DISORDERS OF THE LATERAL GENICULATE NUCLEUS


Isolated lesions of the lateral geniculate nucleus are rare, but may be diagnosed by distinctive patterns of visual field loss.


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FIGURE 29–1 Incongruous left homonymous hemianopia in a 32-year-old woman with multiple sclerosis involving the left optic tract. (Courtesy of Dr. Daniel Jacobson, Marshfield Clinic.)


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FIGURE 29–2 Atrophy of nasal fibers in a lesion of the optic tract producing “bow-tie” optic atrophy in the eye on the side opposite the lesion.


URGENCY OF EVALUATION


Sudden visual loss in a hemianopic pattern should be evaluated the same day. Slowly progressive hemianopic visual loss may be evaluated less urgently.


DIAGNOSIS


Symptoms

Visual Acuity

There is normal visual acuity with any unilateral retrochiasmal lesion, unless the optic nerves or chiasm are involved (which is often the case with optic tract lesions).


Visual Field

Patients may be aware of a homonymous hemianopia (see later).


Other Signs and Symptoms

Associated neurologic defects may include contralateral hemiparesis due to involvement of the contiguous corticospinal tract, and/or a hemisensory defect or persistent pain due to involvement of adjacent areas of the thalamus.


Signs

Visual Fields

Lesions affecting this structure may produce either congruous or incongruous visual field defects.5,6 Frisen and associates7,8 have described a pair of distinctive syndromes caused by vascular lesions involving the lateral geniculate nucleus (LGN), which has a dual blood supply derived from both the anterior and posterior circulations. The anterior and lateral portions of the LGN, including the hilus, receive their blood supply from branches of the anterior choroidal artery, a branch of the internal carotid. The remainder of the nucleus is supplied by branches of the lateral choroidal artery, which is derived from the posterior cerebral. The dorsal region of the LGN subserves macular vision, the lateral aspect subserves the superior visual field, and the medial aspect subserves the inferior field. Thrombosis of the lateral choroidal artery produces a homonymous, and fairly congruous, wedge-shaped defect (Fig. 29–3).7 Thrombosis of the anterior choroidal artery produces a homonymous defect that is complementary to that produced by lateral choroidal infarction, i.e., sparing of a wedge-shaped area in both the superior and inferior field (Fig. 29–4).8,9 Case reports suggest that this configuration of field loss may not be specific to LGN lesions and may be produced by lesions of the optic radiations10 or the occipital lobe.11


Pupils

Because afferent pupillary fibers leave the optic tract anterior to the geniculate nucleus, patients with geniculate lesions do not have pupillary disorders.


Differential Diagnosis

LGN lesions most commonly result from infarction.


ANCILLARY TESTS


Magnetic resonance imaging (MRI) and magnetic resonance angiography (MRA) are used to determine the nature of the lesion.


TREATMENT


Treatment depends on the nature of the lesion.


FOLLOW-UP AND REFERRAL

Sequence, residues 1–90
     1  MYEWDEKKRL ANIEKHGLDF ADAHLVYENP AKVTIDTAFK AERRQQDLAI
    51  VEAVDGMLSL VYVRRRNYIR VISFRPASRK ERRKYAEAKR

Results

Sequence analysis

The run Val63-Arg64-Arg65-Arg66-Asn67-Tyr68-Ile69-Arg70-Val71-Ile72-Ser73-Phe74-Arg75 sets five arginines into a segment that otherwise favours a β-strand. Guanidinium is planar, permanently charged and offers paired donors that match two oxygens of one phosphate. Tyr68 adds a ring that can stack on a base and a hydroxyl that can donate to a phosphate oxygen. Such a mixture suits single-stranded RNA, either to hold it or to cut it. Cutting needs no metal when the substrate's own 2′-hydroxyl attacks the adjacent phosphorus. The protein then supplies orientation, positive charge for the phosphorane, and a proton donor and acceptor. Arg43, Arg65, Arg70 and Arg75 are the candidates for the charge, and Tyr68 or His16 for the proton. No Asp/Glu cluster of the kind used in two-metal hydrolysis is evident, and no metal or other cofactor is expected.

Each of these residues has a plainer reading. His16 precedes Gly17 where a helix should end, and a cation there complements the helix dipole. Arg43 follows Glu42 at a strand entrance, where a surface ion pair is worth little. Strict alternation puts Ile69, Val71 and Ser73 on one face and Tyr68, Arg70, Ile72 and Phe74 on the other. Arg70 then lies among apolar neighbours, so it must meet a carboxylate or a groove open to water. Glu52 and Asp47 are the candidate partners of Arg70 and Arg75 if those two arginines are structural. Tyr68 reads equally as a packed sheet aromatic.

LGN infarction is usually managed by a neurologist. Neoplastic lesions are usually handled in conjunction with a neurosurgeon and/or oncologist. Follow-up by an ophthalmologist or neuro-ophthalmologist is helpful in monitoring visual function.


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FIGURE 29–3 Homonymous, and fairly congruous, wedge-shaped defect due to presumed thrombosis of the lateral choroidal artery. (From Frisen L, Holmegaard L, Rosencrantz M. Sectorial optic atrophy and homonymous, horizontal sectoranopia: a lateral choroidal artery syndrome? J Neurol Neurosurg Psychiatr 1978;41:374–380, with permission.)


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FIGURE 29–4 Characteristic homonymous hemianopia, sparing superior and inferior wedge due to presumed anterior choroidal artery ischemia. (From Frisen L. Quadruple sectoranopia and sectorial optic atrophy: a syndrome of the distal anterior choroidal artery. J Neurol Neurosurg Psychiatr 1979;42:590–594, with permission.)


DISORDERS OF THE OPTIC RADIATIONS


As the optic radiations exit the lateral geniculate nucleus, they lie in a small portion of the posterior limb of the internal capsule. They then course inferiorly through the temporal lobe and superiorly through the parietal lobe, on their way to their final synapse in the occipital cortex. The clinical manifestations of optic radiation lesions depend on their location.


URGENCY OF EVALUATION


Sudden visual loss in a hemianopic pattern should be evaluated the same day. Slowly progressive hemianopic visual loss may be evaluated less urgently.


DIAGNOSIS


Symptoms

Visual Acuity

There is normal visual acuity with any unilateral retrochiasmal lesion, unless the optic nerves or chiasm is involved, which is rarely the case with more posterior lesions of the visual radiations.


Visual Field

Patients may be aware of a homonymous hemianopia (see later). Patients with partial hemianopia due to temporal lobe disease are often unaware of their visual defect. Many patients with parietal lobe hemianopia are entirely unaware of their field defect. This applies to lesions in both the dominant and nondominant parietal lobes. Many of these patients complain of difficulty with reading, because of the inability to follow words across the page with right homonymous defects, and the inability to return to the next line with left homonymous defects. Patients who do recognize a visual deficit often complain of monocular visual loss in the eye on the side of the hemianopic defect. It is therefore imperative to perform visual fields in patients with unexplained monocular visual complaints to rule out a hemianopic defect.